Once a wreck is found, the atmosphere on board is electric, though Gooding points out that this is by no means a sophisticated treasure hunt – the aim of the trip is to raise awareness – and to preserve everything they find. “We’ll make sure that if there’s a wreck down there that it’s identified and doesn’t get plundered,” says Gooding, “though in saying that, most of the time, because of their age, there are just things like anchor chains, anchors and canons left.”

A yacht with a thirst for history

Photo: Julia Sumerling/SilentWorld Foundation

A yacht with a thirst for history

Photo: Julia Sumerling/SilentWorld Foundation

That’s not always the case, however and Gooding recalls a recent flurry of excitement when the team discovered a bell. “We had a number of marine archaeologists on board and even thought they’d seen bells that had been bought out of the water – none of them had ever seen one underwater. Everyone went ballistic. We were over the moon. The last person to see that bell was someone on the ship in the 1800s.”

As a dive master, Gooding is able to get down and see the wrecks for himself and has found that he too is developing an interest in maritime history. He recently went to the effort of tracking down the manuscripts of Phillip Parker King, an early Australian explorer, and was able to follow some of his trails into the Northern territories. “King talks about sailing up past the cascades and the waterfalls there – he says you can hear them but you can’t see them – and that is exactly what we experienced. It’s like this little hole in the wall – we saw exactly what he saw back in the 1800s,” says Gooding.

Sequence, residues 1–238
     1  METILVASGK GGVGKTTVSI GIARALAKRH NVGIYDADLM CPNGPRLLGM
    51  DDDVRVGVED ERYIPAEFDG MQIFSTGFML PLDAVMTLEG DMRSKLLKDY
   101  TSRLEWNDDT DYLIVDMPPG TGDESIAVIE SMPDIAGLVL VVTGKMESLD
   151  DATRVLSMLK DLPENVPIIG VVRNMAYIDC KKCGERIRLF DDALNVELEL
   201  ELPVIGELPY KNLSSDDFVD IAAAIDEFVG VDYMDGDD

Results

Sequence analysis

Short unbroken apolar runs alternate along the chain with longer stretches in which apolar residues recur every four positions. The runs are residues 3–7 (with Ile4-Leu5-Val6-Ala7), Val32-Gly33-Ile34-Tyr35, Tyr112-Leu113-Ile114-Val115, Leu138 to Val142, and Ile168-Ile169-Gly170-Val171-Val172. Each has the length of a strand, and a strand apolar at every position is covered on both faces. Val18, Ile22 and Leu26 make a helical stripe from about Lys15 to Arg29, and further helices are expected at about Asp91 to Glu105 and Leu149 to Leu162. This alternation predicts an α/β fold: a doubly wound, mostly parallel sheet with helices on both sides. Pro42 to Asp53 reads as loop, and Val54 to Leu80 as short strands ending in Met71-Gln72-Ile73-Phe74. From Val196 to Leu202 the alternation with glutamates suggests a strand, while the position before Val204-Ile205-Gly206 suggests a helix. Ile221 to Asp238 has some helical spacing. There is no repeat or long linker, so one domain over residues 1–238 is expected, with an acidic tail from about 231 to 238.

A yacht with a thirst for history

Photo: Julia Sumerling/SilentWorld Foundation

A yacht with a thirst for history

Photo: Julia Sumerling/SilentWorld Foundation

It’s not the first time Gooding has had a brush with shipwrecks and maritime history – in the early days of his career, he worked for a dive expedition company and would go out to the famous wreck of passenger and freight steamer Yongala every week. He found that, alongside the rich history of the site, there was an added thrill too, connected to what the wreck had turned into under the water. “For me, it’s as much about the marine life that inhabits the wrecks now as it is about the history. Yes I like the story but I also love the fact that these sites becomes marine sanctuaries too – they evolve and have a new life.”

Of course, the boat isn’t always in expedition mode, and the owner uses it frequently for family travel. “Every year our itinerary changes – typically, we’ll spend five or six months of the year in Sydney where the owners live, a few months somewhere in the Pacific and then one month we’ll do an expedition. For me it’s a great mix as I get to come to places like Tahiti and Sydney but mix it up with some exploration,” says Gooding. Their next expedition – set to take place in December – awaits.

Sign up for updates




Do you work in the superyacht industry? YesNo
I would like to receive updates from Superyacht Life